the other side of the window
Craving a specific cake only found at the Hungarian Pastry Shop, I took a trip back to Columbia's campus today. Despite being only about a 10 minute bike ride from where I am now, I haven't been back there in months. It's hard to explain.
The dead of summer is a bit of an eerie time to be around a college campus. Mostly devoid of students, the area failed to really evoke any feeling in me at all. This all changed, however, when I walked past the dorm room I live in during senior year.
For some context, this dorm room was rather more a one bedroom apartment. It was on the top floor, and had a glorious view over Riverside Park and the Hudson. My roommate, engaged and soon to be married, had left me alone soon after moving in, to what people colloquially termed a "dingle" (double dorm occupied by a single person). I had scrupulously (illicitly) opened the door to the roof so I also spent much time enjoying the panoramic views from up there.
As nice as it was, I really did spend far too much time inside this room. Though it was still the Covid-19 era, things were beginning to open up. I ignored this, and stayed home. I know (knew?) that place as intimately as it's possible to know a place outside of yourselfs. I spent almost a continuous year just in this room, with only a few breaks to pick up food or attend an in-person exam. Otherwise it was all in there. In that room, I had my very own year of rest and relaxation.
A cause, or maybe an effect, of my isolation, was an ongoing struggle with mental health issues. Suffice to say, in this place, I explored depths of the mind that no sane person would care to enter. I was also mid-transition at this point, and with my physical body in a constant state of limbo, it was safe to stay inside. I could watch the world go by from my window. My depression and anxiety levels, which had been rising since I had started college, were reaching a defeaning level. I had been through two years of near complete isolation due to the pandemic. I had lost touch with most everyone I had known before. I had become a new person, but had not yet made new connections.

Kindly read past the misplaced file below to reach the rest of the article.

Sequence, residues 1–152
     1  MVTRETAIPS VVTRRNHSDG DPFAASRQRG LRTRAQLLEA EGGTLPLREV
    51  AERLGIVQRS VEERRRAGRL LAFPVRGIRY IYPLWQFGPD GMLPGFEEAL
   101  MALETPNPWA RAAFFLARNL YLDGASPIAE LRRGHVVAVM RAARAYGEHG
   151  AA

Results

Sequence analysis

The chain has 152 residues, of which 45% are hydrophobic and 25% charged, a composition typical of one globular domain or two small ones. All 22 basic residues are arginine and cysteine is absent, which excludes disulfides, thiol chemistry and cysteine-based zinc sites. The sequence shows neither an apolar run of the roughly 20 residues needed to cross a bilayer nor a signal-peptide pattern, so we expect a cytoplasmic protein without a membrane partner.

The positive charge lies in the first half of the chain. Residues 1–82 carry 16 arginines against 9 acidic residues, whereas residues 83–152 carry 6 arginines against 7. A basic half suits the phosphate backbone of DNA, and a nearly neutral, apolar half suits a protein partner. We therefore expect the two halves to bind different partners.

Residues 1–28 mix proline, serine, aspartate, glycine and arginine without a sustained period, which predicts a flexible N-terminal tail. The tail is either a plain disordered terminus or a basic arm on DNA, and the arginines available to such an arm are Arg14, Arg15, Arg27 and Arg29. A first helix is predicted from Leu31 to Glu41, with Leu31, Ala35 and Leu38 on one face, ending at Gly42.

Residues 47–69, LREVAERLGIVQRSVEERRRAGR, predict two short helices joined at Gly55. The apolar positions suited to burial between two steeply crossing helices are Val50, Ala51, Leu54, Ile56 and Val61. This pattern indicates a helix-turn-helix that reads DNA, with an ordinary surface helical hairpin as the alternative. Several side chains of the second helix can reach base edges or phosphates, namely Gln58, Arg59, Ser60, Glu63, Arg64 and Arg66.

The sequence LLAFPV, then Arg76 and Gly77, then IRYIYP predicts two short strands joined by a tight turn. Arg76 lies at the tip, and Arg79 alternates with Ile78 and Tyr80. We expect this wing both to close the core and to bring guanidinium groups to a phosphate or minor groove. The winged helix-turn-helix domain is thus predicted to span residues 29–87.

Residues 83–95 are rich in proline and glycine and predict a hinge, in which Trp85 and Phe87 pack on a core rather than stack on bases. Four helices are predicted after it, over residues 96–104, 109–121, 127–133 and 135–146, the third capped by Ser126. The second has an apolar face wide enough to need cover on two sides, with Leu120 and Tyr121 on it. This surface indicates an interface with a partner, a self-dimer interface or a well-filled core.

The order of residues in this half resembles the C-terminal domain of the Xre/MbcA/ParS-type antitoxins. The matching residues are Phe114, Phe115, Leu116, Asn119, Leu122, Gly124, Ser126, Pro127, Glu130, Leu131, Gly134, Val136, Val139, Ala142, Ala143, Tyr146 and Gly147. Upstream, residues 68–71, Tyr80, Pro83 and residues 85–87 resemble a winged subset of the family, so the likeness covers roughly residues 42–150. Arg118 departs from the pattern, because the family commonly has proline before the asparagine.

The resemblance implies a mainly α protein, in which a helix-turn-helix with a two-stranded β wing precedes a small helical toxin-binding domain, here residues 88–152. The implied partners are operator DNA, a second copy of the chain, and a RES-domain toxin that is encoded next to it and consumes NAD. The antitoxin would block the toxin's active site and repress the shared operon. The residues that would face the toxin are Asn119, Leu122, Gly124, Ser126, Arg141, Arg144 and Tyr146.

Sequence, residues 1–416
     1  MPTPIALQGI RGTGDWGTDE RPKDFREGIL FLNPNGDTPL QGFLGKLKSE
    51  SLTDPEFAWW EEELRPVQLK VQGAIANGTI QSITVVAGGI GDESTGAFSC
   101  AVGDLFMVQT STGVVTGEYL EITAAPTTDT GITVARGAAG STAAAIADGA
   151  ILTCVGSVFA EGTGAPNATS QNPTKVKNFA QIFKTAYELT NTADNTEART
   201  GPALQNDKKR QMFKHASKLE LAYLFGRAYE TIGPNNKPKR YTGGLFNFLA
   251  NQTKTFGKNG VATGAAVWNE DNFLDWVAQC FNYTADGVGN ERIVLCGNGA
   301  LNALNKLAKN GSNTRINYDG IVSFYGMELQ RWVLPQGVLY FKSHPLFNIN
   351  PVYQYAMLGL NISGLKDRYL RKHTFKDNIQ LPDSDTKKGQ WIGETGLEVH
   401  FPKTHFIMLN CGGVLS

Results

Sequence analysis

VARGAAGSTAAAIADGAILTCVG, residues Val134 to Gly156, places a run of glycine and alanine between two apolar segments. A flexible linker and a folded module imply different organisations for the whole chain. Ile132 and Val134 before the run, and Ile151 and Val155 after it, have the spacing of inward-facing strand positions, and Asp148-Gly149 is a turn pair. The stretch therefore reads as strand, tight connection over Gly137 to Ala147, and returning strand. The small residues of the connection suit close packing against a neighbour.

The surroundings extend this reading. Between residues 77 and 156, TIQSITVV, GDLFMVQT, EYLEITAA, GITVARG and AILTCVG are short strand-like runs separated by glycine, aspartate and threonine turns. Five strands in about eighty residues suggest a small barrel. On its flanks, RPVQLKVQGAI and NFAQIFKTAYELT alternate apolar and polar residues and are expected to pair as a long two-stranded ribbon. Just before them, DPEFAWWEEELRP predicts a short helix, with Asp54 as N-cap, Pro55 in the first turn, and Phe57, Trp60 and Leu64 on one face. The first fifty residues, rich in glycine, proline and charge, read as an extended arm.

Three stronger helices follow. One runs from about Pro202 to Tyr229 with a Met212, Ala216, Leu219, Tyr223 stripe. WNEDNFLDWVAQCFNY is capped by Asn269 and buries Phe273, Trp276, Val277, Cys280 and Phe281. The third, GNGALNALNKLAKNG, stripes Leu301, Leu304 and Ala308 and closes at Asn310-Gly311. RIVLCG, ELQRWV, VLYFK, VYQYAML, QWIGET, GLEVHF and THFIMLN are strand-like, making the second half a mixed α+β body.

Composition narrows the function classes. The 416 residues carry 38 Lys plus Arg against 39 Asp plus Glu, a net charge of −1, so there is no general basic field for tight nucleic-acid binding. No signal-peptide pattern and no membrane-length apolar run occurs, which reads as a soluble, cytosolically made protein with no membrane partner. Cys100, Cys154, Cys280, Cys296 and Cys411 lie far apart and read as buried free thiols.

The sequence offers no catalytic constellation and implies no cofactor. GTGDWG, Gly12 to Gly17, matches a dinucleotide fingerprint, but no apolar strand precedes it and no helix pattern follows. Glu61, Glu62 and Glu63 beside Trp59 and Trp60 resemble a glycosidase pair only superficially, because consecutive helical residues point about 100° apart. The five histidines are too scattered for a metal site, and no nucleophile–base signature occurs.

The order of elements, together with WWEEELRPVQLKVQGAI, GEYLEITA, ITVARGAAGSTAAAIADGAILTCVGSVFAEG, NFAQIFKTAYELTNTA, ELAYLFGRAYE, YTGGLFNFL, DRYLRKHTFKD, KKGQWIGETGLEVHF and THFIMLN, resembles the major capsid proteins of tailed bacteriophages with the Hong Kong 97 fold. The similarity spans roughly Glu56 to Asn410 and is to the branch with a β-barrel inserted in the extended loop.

During my tenure in this room, I felt many of those dreaded des-es. Despair. Desolation. Despondence. Destruction. Desperation. They became the norm. Unhelpful psychiatrists doled out vast quantities of pills that eventually made me much worse and even more room-bound than I had been before. Anxiety medications made me too sleepy, which I counteracted with innumerable cans of energy drinks, which in turn increased my anxiety. I stayed up all night, and did not wake up well into the afternoon. Some weeks I only went outside at night. I attended my online classes but only in the way one "attends" church by only on Christmas and Easter. Often when greeting the security guard after finally venturing outside I realized I had not uttered a word out loud in days, my own voice unfamiliar to me.
I spent my time variously daydreaming and staring out the window. Reading. Reading books mostly by authors who comitted suicide. Listening to music from my childhood. Taking long showers. Laying on the floor. Doom scrolling. Watching anime. Watching ships pass by in the river. Staring in the mirror and not being sure who the person on the other side really was.
Without exaggeration, this was the darkest period of my life. But I will not hesitate to say it was also one of the most beautiful and important periods. I feel a deep sense of nostalgia for that time now, though also no desire to re-experience it at all, unlike other periods I feel nostalgia for. I think I had avoided visiting that place because I was afraid I would long for the life I had. Now though, two years removed and seeing it all from the other side of the window, I am more condfident leaving it as just a place I can visit in memory, and nothing more.